“Overall we are satisfied,” he continued. “We lost some points [due to low levels], but it was a major improvement since Cup of China. At the next event [Asian Games] we plan to skate better.”
The 2010 Olympic silver medalists are not discouraged by the gap in points.
“We studied protocols and saw the levels, so we understand where the difference came from,” said Tong, “but between the two of us (the Germans), it is always like that. Sometimes we do better, sometimes they do. This time, in terms of technical details, they definitely did better, but there is still tomorrow.”
Bazarova and Larionov had a slightly shaky start to their routine as Larionov leaned down on triple toe loop landing. Later they only received a level one for their death spiral, but overall, the team from Perm has gained enough confidence over the successful autumn season not to look out of place among the ranks of the World’s best pair skaters. They have already picked up high technical scores in the past, but this time the artistic impression from their performance was also very strong.
The Russian bronze medalists still lack the presence displayed by the German and the Chinese, but the gap between them is closing fast and their lines and basic skating skills are as strong as anyone else’s. The students of Ludmila Kalinina received 63.86 points.
“We expected better from ourselves,” said Larionov. “I made a mistake on a side by side jump. It’s a pity. But we will show 100% tomorrow.”
“We felt calm and confident,” added Bazarova. “Maybe too calm, and we would have needed a little bit more adrenalin.”
The team, which competed in Japan and Paris in autumn, said that they love competing in Asia. “The atmosphere here is great,” said Bazarova.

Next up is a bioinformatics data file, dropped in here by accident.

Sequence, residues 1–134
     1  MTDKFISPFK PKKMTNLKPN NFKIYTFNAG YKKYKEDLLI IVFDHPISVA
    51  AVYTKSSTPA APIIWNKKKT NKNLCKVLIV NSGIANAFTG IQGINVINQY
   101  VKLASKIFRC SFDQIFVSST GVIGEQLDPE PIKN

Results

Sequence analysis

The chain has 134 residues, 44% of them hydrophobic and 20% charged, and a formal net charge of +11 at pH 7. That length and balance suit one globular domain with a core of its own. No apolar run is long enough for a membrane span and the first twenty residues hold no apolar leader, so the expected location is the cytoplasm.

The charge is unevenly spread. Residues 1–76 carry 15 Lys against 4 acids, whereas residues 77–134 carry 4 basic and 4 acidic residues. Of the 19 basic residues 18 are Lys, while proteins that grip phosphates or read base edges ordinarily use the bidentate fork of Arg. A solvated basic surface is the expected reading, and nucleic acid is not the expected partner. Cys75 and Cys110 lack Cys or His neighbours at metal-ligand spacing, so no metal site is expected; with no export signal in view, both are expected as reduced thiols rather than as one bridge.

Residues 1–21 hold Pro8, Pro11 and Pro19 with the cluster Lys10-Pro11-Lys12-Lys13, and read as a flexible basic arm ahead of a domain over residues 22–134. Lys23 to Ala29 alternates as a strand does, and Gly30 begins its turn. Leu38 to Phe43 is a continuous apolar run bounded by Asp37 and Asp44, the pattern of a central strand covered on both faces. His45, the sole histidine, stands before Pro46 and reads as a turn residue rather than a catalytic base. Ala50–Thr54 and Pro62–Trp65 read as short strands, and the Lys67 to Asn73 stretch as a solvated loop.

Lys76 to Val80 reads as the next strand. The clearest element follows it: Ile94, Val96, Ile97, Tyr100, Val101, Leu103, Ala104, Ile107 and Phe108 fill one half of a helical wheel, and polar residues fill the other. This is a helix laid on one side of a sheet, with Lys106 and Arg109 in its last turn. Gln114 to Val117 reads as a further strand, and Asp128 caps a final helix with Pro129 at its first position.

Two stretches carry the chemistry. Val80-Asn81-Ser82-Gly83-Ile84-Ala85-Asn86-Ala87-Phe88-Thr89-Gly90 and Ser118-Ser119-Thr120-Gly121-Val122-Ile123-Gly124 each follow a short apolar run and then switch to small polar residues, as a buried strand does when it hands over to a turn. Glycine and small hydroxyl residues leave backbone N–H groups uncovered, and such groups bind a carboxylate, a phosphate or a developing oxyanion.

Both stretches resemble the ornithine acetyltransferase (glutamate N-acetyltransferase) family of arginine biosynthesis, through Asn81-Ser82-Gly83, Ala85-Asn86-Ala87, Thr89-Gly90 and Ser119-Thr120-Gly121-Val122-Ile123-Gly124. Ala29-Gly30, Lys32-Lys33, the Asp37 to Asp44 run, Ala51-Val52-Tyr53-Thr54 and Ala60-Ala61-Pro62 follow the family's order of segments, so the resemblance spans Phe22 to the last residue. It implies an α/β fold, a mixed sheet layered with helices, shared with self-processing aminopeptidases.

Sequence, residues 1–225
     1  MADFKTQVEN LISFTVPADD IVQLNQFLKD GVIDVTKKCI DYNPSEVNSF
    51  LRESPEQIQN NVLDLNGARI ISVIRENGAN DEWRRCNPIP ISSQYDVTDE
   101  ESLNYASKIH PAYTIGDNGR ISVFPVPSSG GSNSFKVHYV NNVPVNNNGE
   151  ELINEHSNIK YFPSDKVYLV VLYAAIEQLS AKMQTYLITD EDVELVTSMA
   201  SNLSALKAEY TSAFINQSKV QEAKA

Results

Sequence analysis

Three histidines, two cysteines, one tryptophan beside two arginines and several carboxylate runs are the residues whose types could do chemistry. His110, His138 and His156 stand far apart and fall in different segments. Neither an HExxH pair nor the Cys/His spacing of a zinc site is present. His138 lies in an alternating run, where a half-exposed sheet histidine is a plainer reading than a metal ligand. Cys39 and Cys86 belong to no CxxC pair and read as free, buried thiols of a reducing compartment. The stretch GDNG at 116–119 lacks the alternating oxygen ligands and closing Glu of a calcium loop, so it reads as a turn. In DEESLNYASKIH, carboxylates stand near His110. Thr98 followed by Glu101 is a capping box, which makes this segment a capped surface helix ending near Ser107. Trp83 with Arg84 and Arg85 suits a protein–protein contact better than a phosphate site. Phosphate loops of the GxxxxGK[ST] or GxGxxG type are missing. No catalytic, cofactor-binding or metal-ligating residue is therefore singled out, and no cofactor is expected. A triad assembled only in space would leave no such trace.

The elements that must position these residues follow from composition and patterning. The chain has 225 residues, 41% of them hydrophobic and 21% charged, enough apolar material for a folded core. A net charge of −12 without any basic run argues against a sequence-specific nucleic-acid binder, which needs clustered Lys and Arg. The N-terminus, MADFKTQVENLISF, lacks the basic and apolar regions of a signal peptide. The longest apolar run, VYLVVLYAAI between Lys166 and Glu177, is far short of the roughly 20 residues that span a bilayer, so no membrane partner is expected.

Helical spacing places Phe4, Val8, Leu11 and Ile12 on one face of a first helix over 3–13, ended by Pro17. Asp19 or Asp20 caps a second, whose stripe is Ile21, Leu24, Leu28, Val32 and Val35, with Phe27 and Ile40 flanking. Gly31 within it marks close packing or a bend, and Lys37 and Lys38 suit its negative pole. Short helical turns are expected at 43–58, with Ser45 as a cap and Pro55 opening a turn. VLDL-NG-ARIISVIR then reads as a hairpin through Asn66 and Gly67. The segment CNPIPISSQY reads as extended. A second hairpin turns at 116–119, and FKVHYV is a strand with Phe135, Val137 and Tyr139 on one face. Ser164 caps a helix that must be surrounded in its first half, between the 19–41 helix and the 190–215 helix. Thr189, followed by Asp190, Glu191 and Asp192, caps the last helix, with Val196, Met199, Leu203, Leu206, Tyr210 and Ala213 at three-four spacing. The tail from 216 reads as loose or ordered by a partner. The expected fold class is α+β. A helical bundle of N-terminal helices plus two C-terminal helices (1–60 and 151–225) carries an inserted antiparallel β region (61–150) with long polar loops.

China’s Wenjing Sui and Cong Han showed that their decision to compete in the Senior Final instead of the Junior one (they qualified for both and had to pick up one) was spot on. The 2009-10 Junior Grand Prix Champions delivered a highly entertaining routine to country music which featured a level three triple twist, a strong throw triple flip, and easy side by side double Axels, as well as dense connecting moves.
Despite their young age and relative lack of experience (it is only their second year on the international stage) Sui and Han proved to be excellent performers, capturing the style of the music perfectly and never falling out of character. They received 61.49 points, a new personal best, and are in contest for a medal.
“It is very exciting to be in the Grand Prix Final,” said Han. “This is the first time we competed at Senior Finals, so we have no expectations in terms of placement. We were quite nervous. Our country gave us a lot of encouragement; we are proud of it.”
Russia’s Lubov Iliushechkina and Nodari Maisuradze were also very impressive in their routine to The Marriage of Figaro, which capitalizes on their excellent carriage and posture, as well as their ability to execute complex transitions. The students of Natalia Pavlova landed triple toe loops and a throw triple loop, but later received low levels on their death spiral and final lift which they had to rush through to avoid finishing behind the music. They got 60.06 points.
Canadians Kirsten Moore-Towers and Dylan Moscovitch skated a clean program with a triple twist and side by side triple toe loops, but a fall (Moscovitch) before the final spin, and low levels of difficulty on death spiral and step sequence, put them below other competitors (58.73).
“I believe I hit my toe pick,” said Moscovitch. “It’s just one of those things that happens.”